A federal judge refuses to block a state-ordered indoor dining and drinking "pause" for pandemic safety.
U.S. District Judge Paul Maloney of Grand Rapids on Wednesday denies an injunction requested Nov. 17 by the Michigan Restaurant and Lodging Association, the Detroit Free Press says. He held a hearing Monday in Kalamazoo
The ruling is another blow to Michigan's restaurant industry. ... The state's current "three-week pause" in indoor dining is effective through Dec. 8. ...
During Monday's hearing, an attorney for the Michigan Restaurant & Lodging Association told Maloney that the restaurant industry in Michigan is on the verge of collapse and can't survive another extended shutdown. ... Kelli Mulder, an attorney for the MRLA, said ... 2,000 restaurants permanently closed in the state already and 250,000 jobs have been lost.
Arguing on behalf of the state health department, which issued the epidemic order that took effect Nov. 18, Assistant Attorney General Neil Giovanatti said Michigan hospitals are severely strained by surging Covid cases as infections hit record levels statewide.
In court documents, Susan Selasky of the Freep posts, the state cites research showing restaurants have a larger role than other places as Covid spreaders -- "four times riskier than gyms and coffee shops, followed by hotels."
Bars and restaurants ranked higher than social gatherings, colleges, retail stores and personal services, such as nail and hair salons, spas and gyms.
The Department of Health and Human Services may extend the statewide ban beyond next week if coronavirus diagnoses remain alarmingly high, or could tailor it to cover only hardest-hit regions.
The restaurant group's leader, Justin Winslow, reacts ina statement:
"While we are disappointed with today’s ruling, it is important to note what Judge Maloney explicitly acknowledged in his ruling, stating that 'Michigan restaurants are at risk of, or have already suffered, irreparable harm" under the health director's order.
"It is in that vein that we will now transition our efforts to preventing an extension of the MDHHS order beyond Dec. 8 and call on Director [Robert] Gordon to provide clear and specific data to justify the sustained closure of restaurants across the state."
Earlier coverage, Nov. 20:
A federal judge denies a restaurant trade group's request for an immediate halt to the Whitmer administration's new ban on inside dining and drinking, The Detroit News says.
Judge Paul Maloney, who was appointed by Republican President George W. Bush, ruled Friday [in Grand Rapids] that the business group is unlikely to succeed in their claims and denied its request for a temporary restraining order.
He set a hearing for Nov. 30 to hear arguments from the Michigan Restaurant and Lodging Association and the attorney general's office, on behalf of the Department of Health and Human Services.
Justin Winslow, head of the Lansing industry group, says: "More restaurant workers will be losing their jobs in the coming days as restaurants remain closed." A brief statement adds that the association is "hopeful for a positive outcome that more effectively balances risk and human toll across Michigan."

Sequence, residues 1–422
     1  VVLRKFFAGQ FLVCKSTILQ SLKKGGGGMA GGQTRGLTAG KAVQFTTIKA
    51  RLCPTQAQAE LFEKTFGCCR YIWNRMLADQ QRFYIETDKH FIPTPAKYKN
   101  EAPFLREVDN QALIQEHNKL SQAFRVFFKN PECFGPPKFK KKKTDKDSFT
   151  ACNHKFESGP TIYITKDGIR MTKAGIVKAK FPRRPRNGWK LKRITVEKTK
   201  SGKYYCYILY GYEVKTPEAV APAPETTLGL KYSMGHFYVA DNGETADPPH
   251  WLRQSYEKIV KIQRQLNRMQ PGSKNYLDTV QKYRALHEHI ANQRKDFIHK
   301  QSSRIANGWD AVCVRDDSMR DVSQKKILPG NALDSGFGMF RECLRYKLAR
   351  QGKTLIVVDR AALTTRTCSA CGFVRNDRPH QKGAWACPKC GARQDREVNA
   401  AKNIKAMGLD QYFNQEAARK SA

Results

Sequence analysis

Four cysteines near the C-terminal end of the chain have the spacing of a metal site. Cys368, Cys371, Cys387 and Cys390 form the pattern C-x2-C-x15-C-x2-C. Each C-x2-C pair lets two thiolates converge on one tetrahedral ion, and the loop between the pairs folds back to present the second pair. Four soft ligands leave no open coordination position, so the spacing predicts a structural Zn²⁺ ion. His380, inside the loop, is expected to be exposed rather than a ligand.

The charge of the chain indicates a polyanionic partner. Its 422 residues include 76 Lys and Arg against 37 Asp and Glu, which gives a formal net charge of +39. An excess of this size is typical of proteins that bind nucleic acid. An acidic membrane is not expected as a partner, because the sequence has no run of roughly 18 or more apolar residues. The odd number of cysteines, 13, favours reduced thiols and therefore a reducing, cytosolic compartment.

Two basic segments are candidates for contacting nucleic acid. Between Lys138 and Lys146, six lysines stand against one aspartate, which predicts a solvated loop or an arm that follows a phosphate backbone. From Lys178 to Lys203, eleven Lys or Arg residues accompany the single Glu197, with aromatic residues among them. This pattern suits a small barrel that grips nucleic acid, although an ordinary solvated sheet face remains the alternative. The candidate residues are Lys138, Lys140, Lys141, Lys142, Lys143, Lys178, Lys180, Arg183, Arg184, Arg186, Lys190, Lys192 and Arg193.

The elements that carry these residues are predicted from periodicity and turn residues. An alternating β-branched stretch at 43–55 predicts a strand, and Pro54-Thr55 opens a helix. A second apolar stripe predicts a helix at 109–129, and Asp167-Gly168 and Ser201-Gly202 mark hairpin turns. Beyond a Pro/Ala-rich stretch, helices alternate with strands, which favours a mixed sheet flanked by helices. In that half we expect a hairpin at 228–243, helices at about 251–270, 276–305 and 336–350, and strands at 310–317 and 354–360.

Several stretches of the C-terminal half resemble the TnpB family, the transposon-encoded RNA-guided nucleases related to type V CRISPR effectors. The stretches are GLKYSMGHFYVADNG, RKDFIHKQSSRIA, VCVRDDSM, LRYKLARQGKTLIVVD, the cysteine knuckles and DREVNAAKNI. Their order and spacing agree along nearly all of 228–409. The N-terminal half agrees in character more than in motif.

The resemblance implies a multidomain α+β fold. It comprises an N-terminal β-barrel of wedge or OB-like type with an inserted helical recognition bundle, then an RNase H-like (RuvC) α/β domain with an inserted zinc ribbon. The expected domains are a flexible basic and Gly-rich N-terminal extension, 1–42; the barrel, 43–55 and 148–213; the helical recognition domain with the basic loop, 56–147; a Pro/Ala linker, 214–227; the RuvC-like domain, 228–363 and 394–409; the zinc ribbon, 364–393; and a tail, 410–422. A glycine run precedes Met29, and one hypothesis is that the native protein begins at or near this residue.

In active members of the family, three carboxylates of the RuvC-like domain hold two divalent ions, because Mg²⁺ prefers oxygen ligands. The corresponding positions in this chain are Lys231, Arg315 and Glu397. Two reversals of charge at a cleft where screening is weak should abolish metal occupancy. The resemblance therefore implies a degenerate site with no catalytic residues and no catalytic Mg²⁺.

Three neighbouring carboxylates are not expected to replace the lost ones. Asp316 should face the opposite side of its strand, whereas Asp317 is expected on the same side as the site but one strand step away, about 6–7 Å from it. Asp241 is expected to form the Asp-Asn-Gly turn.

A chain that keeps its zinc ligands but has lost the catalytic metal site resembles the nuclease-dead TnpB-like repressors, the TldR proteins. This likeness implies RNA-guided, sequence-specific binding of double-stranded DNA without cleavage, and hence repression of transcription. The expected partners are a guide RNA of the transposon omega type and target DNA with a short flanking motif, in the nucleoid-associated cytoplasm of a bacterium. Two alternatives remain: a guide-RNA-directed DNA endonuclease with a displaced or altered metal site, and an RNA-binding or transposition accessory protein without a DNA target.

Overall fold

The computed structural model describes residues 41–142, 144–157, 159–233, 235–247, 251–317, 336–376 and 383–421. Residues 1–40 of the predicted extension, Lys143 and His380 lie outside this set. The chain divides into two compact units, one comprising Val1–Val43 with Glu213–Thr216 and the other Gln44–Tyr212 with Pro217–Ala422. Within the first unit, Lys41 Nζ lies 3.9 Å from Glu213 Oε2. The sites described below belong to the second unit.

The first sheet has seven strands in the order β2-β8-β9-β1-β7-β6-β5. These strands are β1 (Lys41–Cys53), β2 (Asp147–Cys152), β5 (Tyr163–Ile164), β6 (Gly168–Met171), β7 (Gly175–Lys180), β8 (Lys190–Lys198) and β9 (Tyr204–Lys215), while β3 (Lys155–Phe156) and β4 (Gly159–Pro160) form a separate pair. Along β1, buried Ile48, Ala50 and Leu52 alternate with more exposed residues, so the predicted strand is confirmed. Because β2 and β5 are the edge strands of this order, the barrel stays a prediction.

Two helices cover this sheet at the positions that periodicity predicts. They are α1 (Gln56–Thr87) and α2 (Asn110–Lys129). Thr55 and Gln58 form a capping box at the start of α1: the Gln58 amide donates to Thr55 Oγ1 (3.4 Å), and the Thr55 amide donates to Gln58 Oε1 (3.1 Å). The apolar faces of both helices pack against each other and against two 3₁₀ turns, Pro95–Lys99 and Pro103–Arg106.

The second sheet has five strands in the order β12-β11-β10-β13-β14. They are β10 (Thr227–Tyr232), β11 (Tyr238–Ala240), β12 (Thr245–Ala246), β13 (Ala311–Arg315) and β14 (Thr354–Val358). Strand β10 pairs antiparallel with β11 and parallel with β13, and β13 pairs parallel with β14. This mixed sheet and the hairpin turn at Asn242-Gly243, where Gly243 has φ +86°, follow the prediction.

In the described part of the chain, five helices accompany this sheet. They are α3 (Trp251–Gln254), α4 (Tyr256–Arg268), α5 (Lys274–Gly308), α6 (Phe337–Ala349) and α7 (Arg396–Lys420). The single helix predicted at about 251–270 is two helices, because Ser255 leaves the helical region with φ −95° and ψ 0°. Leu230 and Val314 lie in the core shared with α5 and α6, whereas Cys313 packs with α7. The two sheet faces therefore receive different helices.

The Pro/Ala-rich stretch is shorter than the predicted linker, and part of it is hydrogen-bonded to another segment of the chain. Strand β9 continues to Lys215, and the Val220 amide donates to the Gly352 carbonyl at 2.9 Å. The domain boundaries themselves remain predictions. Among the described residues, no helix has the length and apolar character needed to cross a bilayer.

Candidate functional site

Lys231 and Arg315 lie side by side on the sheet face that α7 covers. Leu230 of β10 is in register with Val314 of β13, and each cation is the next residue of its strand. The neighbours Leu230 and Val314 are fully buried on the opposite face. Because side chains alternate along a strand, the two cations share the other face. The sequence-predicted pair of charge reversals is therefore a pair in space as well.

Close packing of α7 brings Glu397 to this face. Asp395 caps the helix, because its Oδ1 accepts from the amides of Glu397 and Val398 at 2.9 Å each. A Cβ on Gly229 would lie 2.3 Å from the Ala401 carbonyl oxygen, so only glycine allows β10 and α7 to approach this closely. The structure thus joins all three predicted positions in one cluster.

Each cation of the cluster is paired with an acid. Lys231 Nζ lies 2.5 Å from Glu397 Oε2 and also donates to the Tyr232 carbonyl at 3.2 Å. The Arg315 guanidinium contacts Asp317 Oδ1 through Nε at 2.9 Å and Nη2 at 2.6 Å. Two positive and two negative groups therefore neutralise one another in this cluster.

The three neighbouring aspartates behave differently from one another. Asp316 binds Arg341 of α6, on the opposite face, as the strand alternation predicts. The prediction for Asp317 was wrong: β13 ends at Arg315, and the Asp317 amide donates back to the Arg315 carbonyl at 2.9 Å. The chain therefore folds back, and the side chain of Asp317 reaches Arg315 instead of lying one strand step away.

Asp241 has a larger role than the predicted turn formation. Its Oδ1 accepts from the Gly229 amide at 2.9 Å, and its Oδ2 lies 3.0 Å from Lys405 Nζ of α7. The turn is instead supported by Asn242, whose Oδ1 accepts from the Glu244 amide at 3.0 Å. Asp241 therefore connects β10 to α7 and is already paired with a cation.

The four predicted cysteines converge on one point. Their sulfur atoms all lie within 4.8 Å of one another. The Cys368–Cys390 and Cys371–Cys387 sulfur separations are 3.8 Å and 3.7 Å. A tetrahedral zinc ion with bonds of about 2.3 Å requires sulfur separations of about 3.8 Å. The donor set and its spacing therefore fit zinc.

Winslow tells The News that many members expect to be shut at least six to eight weeks as the epidemic order is likely extened past Dec. 9.
Original article, Tuesday:
The Michigan Restaurant & Lodging Association filed a federal lawsuit Tuesday in an attempt to overturn the state's ban on indoor dining in restaurants that takes effect Wednesday and runs at least through Dec. 9.
"We made several good-faith efforts in advance of the public release of the order issued November 15 to reach a compromise with the (state health department) that would have supported the goal of minimizing risk while still allowing for the continued operation of dining rooms," the association said in a press release.
The case filed in U.S. District Court in Grand Rapids seeks an emergency preliminary injunction to allow indoor dining while following safety protocols.
It claims Gov. Gretchen Whitmer's administration violated the businesses' right to equal protection under the law. New rules allegedly target bars and restaurants unfairly because they spare other nonessential businesses operating indoors. "Inexplicably" restaurants and bars have not been given option to remain open even though they have demonstrated they can operate safely, the suit says.
It also says the state Department of Health and Human Services' epidemic order violates the state Constitution's separation of powers and nondelegation clauses. The Republican-majority legislature complained after the latest order that it did not have a say.
The editor-in-chief of Michigan Advance, a Lansing-based news site, tweets a pointed reaction:
The Michigan Restaurant Association could lobby Congress for a covid relief bill but the headlines are better suing the state because apparently not enough people have died yet. What an abject moral failure.— Susan J. Demas (@sjdemas) November 17, 2020
Ali Kasben, managing editor of Gongwer, a subscription news service in the capital, tweets that until now the association "has been level-headed in responding to Covid restrictions from the administration."